Letter from THOMAS WILLIAM SILLOWAY to GEORGE PERKINS MARSH, dated April 15, 1857.
My Dear Sir your letter acknowledging the reception of my letter to the Doctor in
regard to the dome, and also a letter from you in regard to the pediment decoration
are received. The dome we will consider disposed of so far as the kind of material
is concerned. I will see to it that the contour amp;c.amp;c. cc. is not neglected.
You may depend on my doing my best in the matter. I think with examples, opinions,
and the like before me, that attention and good consideration will give us the right
kind of a dome. The remaining part of your letters had principally to do with the
sculpture in the tympanum I have had the matter in mind and am pleased to think you
also are giving it a proper consideration. In my last letter to the Doct., I speak of your
letter and promise to take it to him the next time I go to Montpelier which will be very soon. The letter you write me (received to day) in regard to decoration in lieu of the proposed sculpture I will consider, and as soon as I can get any opinion worth communicating you shall have it. A little time employed in thinking the matter over will be a service well rendered. You will in good time hear from me and then you can amend my ideas as you may deem expedient. I presume the other Commissioners will to a large degree depend upon you for advice in the matter. I have of late, read some little in regard to things of the kind. As I am busy in preparing drawings for immediate service, I am unable to give the attention I hope to give in a few weeks. I am not entirely agreed
with you that sculpture was put in pediments to avoid the ill effect of wind amp;c. To a certain extent this may have been true, but not entirely. However, as the thing is a matter of small moment to us just now, I will not discuss it, but will instead, make a couple of quotations which may do us more good. After speaking of Painting as allied to Architecture [Garbett?] says "Sculpture is more allied to Architecture than Painting. Figures of men and animals may be seen in the highest perfection in the Parthenon. They may be introduced in low, high, or full relief. In the last case their situation is usually that of a niche. We shall say no more on the subject of figures, then that of course, they must have relation to the end for which the edifice is erected, and if not in that respect are worse than useless" (The interlining is my own) Chambers says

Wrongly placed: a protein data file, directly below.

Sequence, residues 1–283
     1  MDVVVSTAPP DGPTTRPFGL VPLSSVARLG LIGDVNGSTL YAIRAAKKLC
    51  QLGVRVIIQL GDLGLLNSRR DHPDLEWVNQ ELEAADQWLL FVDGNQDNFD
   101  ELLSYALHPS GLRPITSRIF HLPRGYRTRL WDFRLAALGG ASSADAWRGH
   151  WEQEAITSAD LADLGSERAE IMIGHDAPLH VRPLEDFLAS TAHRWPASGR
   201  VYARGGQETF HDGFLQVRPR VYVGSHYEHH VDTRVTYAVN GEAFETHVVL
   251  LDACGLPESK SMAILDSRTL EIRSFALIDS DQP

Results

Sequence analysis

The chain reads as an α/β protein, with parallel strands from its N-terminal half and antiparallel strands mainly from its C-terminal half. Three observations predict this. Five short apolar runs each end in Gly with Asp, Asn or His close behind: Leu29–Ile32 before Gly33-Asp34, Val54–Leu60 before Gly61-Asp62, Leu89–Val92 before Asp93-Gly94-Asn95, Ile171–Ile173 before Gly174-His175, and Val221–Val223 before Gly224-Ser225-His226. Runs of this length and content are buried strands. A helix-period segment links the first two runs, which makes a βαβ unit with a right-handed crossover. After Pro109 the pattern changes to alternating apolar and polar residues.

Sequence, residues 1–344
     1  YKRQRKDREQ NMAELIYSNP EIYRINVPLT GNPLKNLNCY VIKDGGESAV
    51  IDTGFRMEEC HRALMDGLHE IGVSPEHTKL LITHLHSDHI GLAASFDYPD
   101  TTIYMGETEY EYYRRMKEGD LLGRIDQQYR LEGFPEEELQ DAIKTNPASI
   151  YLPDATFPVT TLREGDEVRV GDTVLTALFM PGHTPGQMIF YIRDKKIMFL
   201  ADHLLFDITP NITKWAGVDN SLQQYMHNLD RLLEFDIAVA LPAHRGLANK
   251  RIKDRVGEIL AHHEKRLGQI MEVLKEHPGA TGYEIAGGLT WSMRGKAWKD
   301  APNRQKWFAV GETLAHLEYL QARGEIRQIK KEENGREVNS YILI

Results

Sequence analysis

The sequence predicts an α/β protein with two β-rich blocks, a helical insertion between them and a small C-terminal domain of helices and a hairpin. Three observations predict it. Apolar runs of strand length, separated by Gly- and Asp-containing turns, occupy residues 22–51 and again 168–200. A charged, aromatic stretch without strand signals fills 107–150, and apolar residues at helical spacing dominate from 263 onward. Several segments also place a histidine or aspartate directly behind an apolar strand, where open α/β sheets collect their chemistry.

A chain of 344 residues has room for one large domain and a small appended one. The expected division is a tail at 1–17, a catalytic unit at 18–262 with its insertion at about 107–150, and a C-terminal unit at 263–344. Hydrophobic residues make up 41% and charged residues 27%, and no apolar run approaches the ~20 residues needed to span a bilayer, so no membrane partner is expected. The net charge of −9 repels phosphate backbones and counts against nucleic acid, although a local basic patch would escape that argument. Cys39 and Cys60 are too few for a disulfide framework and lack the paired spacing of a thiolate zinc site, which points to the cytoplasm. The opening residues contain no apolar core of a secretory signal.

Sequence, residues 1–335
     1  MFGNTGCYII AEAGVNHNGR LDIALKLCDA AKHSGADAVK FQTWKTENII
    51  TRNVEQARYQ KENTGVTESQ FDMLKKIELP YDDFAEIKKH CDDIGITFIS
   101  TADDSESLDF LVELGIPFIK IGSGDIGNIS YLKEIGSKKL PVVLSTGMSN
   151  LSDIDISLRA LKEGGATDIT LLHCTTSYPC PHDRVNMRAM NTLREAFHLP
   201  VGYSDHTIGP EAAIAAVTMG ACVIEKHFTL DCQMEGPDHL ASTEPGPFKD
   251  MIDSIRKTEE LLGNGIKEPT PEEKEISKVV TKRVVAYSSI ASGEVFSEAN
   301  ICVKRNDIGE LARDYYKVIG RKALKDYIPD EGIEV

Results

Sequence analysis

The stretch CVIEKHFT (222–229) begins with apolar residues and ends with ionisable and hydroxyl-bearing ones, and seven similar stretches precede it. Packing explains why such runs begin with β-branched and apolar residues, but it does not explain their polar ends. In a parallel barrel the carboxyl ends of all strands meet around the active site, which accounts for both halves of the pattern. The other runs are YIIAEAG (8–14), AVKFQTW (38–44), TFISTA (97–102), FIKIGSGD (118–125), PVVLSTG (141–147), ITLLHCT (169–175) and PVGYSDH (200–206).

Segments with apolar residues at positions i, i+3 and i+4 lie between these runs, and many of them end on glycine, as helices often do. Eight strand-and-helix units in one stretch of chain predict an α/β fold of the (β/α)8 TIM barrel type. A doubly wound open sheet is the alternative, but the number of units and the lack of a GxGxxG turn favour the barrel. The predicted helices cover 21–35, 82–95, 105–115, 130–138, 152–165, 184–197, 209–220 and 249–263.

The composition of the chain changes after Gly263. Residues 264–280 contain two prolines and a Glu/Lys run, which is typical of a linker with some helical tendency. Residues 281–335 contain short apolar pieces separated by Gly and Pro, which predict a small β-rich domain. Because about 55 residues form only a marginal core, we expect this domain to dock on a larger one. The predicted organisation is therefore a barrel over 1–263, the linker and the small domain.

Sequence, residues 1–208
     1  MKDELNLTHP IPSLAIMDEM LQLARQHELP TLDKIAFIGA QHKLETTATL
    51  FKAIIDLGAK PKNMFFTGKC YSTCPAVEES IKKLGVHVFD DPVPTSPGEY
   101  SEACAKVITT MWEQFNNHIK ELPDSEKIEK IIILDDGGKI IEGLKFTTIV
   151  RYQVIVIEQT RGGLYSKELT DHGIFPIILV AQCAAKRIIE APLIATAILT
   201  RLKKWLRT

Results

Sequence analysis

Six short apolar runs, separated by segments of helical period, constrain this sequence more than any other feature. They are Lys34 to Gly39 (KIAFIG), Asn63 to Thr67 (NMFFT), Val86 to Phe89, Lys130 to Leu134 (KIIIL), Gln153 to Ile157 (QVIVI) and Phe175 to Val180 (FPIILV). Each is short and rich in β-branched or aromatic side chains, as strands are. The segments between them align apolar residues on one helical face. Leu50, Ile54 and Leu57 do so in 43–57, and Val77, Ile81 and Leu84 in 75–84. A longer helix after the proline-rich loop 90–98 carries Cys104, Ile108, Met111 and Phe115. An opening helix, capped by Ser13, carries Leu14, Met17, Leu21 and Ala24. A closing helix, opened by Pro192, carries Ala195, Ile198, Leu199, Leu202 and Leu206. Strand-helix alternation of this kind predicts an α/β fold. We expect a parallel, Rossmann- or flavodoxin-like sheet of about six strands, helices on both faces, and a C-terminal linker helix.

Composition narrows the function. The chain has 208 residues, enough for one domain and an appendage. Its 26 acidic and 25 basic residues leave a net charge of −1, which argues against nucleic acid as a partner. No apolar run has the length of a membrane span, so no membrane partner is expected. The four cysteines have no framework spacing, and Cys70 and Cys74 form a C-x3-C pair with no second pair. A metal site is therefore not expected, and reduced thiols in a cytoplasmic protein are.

"The face of the tympan is always placed on a line perpendicular with the face of the frieze; and when large, may be adorned with sculpture representing the arms or cypher of the owner, trophies of various kinds, suited to the nature of the structure, or bas-reliefs, representing either allegorical or historical subjects; ." (The underlining is mine)
You gave up the idea of an iron dome for the reason that you thought upon mature deliberation that it was better so to do. I shall for the same reason give up the sculpture if the good of the building demands it.
The subject shall be borne in mind and in good time you shall hear from me.
I am yours in haste but very trulyThomas W. Silloway121 Court St
References in this letter:
Dr. Thomas E. Powers, (1808-1876), of Woodstock, Vermont, was appointed by Governor Fletcher to be the Superintendent of Construction of the 1858-1860 project, to build a new State House in Montpelier to rebuild the structure burned in 1857. He and the architect, Thomas W. Silloway, were soon at loggerheads over their roles in the project. Powers became State Senator in 1861.
Governor Fletcher named three commissioners to oversee the construction of a new State House in Montpelier: Norman Williams, John Porter, and George Perkins Marsh. Dr. Thomas E. Powers was named the Superintendent of Construction.
Edward Lacy Garbett, Rudimentary treatise on the principles of design in architecture as deducible from nature and exemplified in the works of the Greeks and Gothic architects. London: John Weale, Architecture Library, 1850.
Sir William Chambers, (1726-1796), A treatise on the decorative part of civil architecture illustrated by fifty originals, and three additional plates, engraved by old Rooker, old Fouudrinier, Charles Grignion, and other eminent hands. London: Smeeton, 1862..
Thomas W. Silloway, (1828-1910), was only thirty years old in 1857 when he was chosen architect for the new State House in Montpelier. Silloway was from Massachusetts, and had worked in the office of Ammi B. Young, the architect who designed the previous building. Silloway and Dr. Powers, the superintendent of construction for the 1857 job, had worked together to design and build a new courthouse in Woodstock, Vermont, that burned in 1854.